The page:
• Negative RAP at ICP > 25 mmHg indicates the critical closing of cerebral arterioles due to intracranial hypertension [12].

  • The correlation coefficient between slow waves of arterial blood pressure and the pulse amplitude of ICP (the so-called PAx index) provides information about the autoregulation of CBF, and is an alternative to PRx, the pressure-reactivity index [4].

Conversely, most sound findings about pulsatile CSF flow can be summarized as below:
  • Brain and CSF movements are influenced by the anatomy and mechanical properties of intracranial tissues, as well as by the waveforms of driving vascular pulsations [1, 2]

  • CSF flow waveforms are sensitive to alterations in the cranial venous outflow. [10]

  • Patients with NPH showed lower pulsations in the superior sagittal sinus than healthy subjects [9]

  • Venous vessel compression and/or changes in intracranial subarachnoid CSF flow produce an increase in ventricular CSF flush that compensates for vascular brain expansion in patients with cerebral hemorrhage. [7]

  • Patients presenting with clinical normal pressure hydrocephalus who have hyper dynamic CSF flow have been found to respond better to ventriculoperitoneal shunting than those with normal or decreased CSF flow. [11]. However, controversies about this point exist. Among patients who were shunted, measurement of CSF flow through the cerebral aqueduct did not reliably predict which patients would improve clinically [18].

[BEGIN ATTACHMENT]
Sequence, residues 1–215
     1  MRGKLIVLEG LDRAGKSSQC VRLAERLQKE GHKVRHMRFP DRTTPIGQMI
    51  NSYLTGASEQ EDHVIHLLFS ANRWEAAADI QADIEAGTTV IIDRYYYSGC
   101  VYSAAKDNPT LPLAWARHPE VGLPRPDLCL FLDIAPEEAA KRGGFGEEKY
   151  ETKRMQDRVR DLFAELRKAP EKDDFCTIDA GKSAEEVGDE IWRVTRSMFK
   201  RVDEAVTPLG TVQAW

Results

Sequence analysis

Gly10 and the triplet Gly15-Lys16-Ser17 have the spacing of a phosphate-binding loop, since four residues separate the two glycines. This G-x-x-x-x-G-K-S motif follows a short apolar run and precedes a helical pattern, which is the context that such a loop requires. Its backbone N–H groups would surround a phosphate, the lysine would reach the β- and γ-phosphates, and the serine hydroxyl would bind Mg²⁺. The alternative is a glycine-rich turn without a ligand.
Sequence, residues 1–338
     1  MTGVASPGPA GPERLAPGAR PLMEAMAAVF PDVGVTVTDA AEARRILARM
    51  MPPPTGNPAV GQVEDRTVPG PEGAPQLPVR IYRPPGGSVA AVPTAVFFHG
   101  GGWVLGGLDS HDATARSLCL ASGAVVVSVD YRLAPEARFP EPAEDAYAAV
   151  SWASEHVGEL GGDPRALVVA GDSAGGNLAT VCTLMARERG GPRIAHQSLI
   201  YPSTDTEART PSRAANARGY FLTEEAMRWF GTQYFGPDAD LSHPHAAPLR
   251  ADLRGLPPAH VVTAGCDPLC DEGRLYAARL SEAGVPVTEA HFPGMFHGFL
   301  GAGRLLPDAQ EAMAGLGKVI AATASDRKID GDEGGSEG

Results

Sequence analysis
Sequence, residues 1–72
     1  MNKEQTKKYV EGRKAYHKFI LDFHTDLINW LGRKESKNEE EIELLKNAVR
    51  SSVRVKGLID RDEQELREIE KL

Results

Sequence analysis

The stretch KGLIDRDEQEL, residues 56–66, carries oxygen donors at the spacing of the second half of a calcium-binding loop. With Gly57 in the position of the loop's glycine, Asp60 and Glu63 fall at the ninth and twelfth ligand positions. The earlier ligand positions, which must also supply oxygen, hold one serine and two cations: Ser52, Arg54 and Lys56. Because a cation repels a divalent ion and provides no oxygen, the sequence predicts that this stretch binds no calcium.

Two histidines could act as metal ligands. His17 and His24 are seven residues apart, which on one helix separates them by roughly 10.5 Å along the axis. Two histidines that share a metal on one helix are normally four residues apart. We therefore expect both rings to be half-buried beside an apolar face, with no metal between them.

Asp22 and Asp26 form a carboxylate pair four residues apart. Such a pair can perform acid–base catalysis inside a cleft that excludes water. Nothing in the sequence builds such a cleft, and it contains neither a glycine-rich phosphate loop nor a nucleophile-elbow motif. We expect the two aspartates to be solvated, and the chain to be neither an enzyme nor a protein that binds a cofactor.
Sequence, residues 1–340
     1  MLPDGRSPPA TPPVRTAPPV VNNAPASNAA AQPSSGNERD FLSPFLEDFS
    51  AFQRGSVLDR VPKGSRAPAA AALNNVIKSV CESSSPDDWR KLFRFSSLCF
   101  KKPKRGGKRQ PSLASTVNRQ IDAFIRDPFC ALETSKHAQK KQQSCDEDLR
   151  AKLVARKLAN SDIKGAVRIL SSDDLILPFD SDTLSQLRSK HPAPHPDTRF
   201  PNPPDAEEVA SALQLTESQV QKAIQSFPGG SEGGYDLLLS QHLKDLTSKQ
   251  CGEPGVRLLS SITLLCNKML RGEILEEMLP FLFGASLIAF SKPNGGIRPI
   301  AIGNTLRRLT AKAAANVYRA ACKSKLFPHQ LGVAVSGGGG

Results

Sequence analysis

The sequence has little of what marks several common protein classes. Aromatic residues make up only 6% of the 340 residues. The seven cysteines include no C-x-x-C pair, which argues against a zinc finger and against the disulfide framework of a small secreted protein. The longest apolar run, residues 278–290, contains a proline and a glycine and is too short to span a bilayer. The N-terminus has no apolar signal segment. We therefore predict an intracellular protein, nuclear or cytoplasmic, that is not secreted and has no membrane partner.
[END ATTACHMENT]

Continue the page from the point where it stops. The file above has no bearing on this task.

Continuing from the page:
PCMRI is a tool uniquely able to reconstruct CSF and intracranial blood flows [8]. In freshly printed paper [22] about comparison of ICP pulse, PCMRI [22] is not acquired in real-time. PCMRI reconstructs a mean period from many cycles over a few minutes of acquisition time. It is not possible to directly compare intracerebral volume with the real-time ICP pulses.

PCMRI accuracy could be a point of discussion because of small pulsatile changes in intracranial net volume, smaller than 1 ml. Nevertheless, in the literature for many years, others authors have already published volumetric changes in the same range of small volumes [8]. In the discussed paper [22], we don’t have all of the information describing the total post-processing, which is an important potential source of error. It is also frustrating not to have access to the mean cerebral blood flows, the venous corrections parameters [21], and the CSF stroke volumes, all of which are important parameters playing a role in the dynamics of the system investigated [8]. Is intracranial blood volume change related to the intracranial CSF volume change? In the same way, temporal organization of the arterial, venous, and CSF flows peaking along the cardiac cycle could also be source of interest in front of P1, P2, and P3 peaks.

Nevertheless, the paper presented by Unnerback et al. [22] is the first one to try to approach PCMRI and ICP measurements simultaneously, following a linear trajectory towards understanding and investigating the complex mechanism describing the origin of ICP. With this new kind of approach, the combination of ICP monitoring with intracranial blood and CSF volume dynamics in physiological behavior or in stress situations (as during infusion tests), knowledge of pathophysiology should increase in the near future.


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Copyright information

© Springer-Verlag GmbH Austria, part of Springer Nature 2017

Authors and Affiliations

  1. 1.BioFlow Chimère Laboratory, Department of Medical Image Processing, CHU AmiensUniversity of Picardy Jules VerneAmiensFrance
  2. 2.Brain Physics Laboratory, Division of Neurosurgery, Department of Clinical NeurosciencesUniversity of CambridgeCambridgeUK